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Privately-Owned Utility Company Liable In Action For Inverse Condemnation
September 18, 2012 | Bulletin No. 1009747.2
A court of appeal recently held that a privately-owned utility company may be held liable for inverse condemnation as a public entity. (Pacific Bell Telephone Company v. Southern California Edison Company (--- Cal.Rptr.3d ----, Cal.App. 2 Dist., August 30, 2012).
Southern California Edison Company (“Edison”) installed bird guards to prevent animals from coming into contact with the energized components of its electrical facilities. However, the guards did not prevent a large bird from coming into simultaneous contact with an energized power line and grounded equipment pole near an intersection in the city of Newhall on January 11, 2006. The result of the event was a ground fault that sent electricity through the underground telephone cables of Pacific Bell Telephone Company (“Pacific Bell”). Several cables were burned. Although Pacific Bell’s underground system was not designed to withstand such faults, the cables were placed in the same trench as Edison’s electrical facilities. The parties stipulated that the damage to the telephone cables was $74,767.39.
Pacific Bell filed a lawsuit against Edison for inverse condemnation. The trial court concluded that Edison may be held liable as a public entity. The court awarded Pacific Bell the stipulated damages amount as well as interest, fees, and costs.
Article I, section 19 of the California Constitution provides that private property may only be damaged or taken for public use if just compensation has been paid. If private property is damaged by construction of a public improvement, the state or its agency must compensate the owner. The Court of Appeal agreed with the trial court’s conclusion “that Edison may be liable under inverse condemnation for the damages to Pacific Bell’s property.”
The Court declined to limit liability of a public utility in an inverse condemnation action to situations that involve the direct exercise of the utility’s eminent domain power. Previous case law established that a privately-owned public utility that enjoys a state-protected monopoly or quasi-monopoly violates the California Constitution’s equal protection clause when it excludes a class of individuals from employment. In the previous case, the Supreme Court concluded that a utility is more akin to a government entity than a private employer due to the government regulation of a public utility, a utility’s ties to the state, and its monopoly, which is safeguarded and guaranteed by the state.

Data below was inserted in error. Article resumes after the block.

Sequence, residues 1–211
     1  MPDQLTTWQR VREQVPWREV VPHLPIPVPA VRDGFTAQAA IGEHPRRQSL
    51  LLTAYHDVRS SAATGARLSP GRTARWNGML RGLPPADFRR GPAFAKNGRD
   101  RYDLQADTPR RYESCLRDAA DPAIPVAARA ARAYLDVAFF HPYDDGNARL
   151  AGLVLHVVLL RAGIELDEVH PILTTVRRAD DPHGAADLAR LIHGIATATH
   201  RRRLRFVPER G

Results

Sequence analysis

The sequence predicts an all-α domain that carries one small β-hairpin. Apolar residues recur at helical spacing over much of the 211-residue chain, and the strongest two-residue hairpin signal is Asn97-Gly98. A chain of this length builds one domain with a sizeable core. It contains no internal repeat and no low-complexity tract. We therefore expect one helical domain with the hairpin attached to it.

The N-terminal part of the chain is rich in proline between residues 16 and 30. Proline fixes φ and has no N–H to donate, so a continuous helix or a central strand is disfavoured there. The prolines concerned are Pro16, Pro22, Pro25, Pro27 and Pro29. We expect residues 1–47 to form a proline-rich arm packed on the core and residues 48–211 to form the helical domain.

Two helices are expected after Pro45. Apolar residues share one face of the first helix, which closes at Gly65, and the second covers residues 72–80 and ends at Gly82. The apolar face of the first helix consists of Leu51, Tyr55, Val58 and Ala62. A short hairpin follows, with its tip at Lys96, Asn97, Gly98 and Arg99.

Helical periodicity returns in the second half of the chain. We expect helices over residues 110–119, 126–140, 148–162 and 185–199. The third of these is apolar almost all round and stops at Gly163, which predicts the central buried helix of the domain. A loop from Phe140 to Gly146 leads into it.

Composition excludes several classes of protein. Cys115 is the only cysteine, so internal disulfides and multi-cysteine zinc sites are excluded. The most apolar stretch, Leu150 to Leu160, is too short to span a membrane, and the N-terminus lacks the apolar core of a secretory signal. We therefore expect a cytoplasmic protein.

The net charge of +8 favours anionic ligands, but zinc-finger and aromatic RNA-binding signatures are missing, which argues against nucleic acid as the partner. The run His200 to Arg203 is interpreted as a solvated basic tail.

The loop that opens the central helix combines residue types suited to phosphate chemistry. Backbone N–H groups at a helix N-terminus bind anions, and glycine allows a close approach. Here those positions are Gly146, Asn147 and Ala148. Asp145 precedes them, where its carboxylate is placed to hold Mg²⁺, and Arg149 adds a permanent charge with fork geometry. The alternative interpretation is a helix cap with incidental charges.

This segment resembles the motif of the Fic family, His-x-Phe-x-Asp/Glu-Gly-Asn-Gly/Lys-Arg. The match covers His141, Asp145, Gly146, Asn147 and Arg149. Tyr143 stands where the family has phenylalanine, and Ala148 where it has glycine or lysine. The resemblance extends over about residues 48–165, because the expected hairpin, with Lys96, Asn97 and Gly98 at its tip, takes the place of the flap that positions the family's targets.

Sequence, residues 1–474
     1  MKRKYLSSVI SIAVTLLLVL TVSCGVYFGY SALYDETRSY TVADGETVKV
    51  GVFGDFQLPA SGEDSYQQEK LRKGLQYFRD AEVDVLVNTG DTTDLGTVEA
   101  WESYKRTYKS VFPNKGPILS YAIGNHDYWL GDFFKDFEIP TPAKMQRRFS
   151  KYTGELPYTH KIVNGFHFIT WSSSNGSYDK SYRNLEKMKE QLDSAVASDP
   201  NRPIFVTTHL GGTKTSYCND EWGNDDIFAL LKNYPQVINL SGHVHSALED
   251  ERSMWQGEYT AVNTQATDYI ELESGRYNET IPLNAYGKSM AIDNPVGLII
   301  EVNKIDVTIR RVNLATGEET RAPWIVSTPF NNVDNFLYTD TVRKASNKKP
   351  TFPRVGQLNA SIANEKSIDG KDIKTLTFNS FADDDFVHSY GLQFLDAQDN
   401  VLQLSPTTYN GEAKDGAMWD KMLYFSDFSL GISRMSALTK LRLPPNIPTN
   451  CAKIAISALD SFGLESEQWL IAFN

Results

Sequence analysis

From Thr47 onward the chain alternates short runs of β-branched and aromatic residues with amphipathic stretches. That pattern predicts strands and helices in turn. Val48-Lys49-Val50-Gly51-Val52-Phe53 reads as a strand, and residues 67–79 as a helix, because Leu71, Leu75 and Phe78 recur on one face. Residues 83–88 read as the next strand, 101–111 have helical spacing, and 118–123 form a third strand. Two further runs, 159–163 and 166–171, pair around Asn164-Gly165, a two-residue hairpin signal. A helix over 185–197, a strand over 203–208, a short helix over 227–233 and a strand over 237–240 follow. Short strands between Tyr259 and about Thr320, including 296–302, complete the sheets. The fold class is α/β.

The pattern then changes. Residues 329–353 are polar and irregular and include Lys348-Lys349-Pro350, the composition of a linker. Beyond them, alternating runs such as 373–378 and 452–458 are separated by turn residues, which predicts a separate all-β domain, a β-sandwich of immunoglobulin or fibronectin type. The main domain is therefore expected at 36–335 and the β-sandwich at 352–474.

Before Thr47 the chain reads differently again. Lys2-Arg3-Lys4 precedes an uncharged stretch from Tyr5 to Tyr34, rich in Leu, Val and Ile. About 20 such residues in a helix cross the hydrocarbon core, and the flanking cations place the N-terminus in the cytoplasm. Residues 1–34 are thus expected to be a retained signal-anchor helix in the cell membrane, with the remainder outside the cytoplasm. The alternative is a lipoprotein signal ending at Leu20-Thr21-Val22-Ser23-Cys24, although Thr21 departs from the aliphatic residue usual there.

Here, the Court concluded, “Edison’s monopolistic or quasi-monopolistic authority,” which it derives from an exclusive franchise from the state, distinguishes Edison’s actions from the actions of a private party who does not have monopolistic authority. The government chose to give a franchise to Edison and to delegate to it the right to furnish electricity instead of the state operating the utility itself. The Court found that “individual property owners should not have to contribute disproportionately to the risks from public improvements made to benefit the community as a whole.” If a property owner is damaged by a utility’s operation, the owner suffers a disproportionate share of the cost of the public improvement regardless of whether the utility is privately owned or owned by the government. A property owner should not be limited to traditional tort remedies if his or her property is damaged by a privately-owned utility company. Therefore, the court concluded that Edison may be liable for inverse condemnation.
The Court rejected Edison’s argument that a reasonableness test should be applied to determine its liability for inverse condemnation. In flood control cases, strict liability is not imposed on a public entity that undertakes a flood control project. Instead, a “reasonableness” rule is applied “to balance the competing concerns that a public entity undertaking flood control projects not be made the absolute insurer of those lands provided protection against the potentially enormous damage of a defective public flood control project.”
The Court found that there is no indication that the reasonableness test should be applied instead of strict liability in inverse condemnation cases outside the area of flood control. The cases involving flood control focus on a “common enemy” or natural disaster which threatens property even if there is no public improvement. In Edison’s case, it is the public improvement instead of nature that created a risk.
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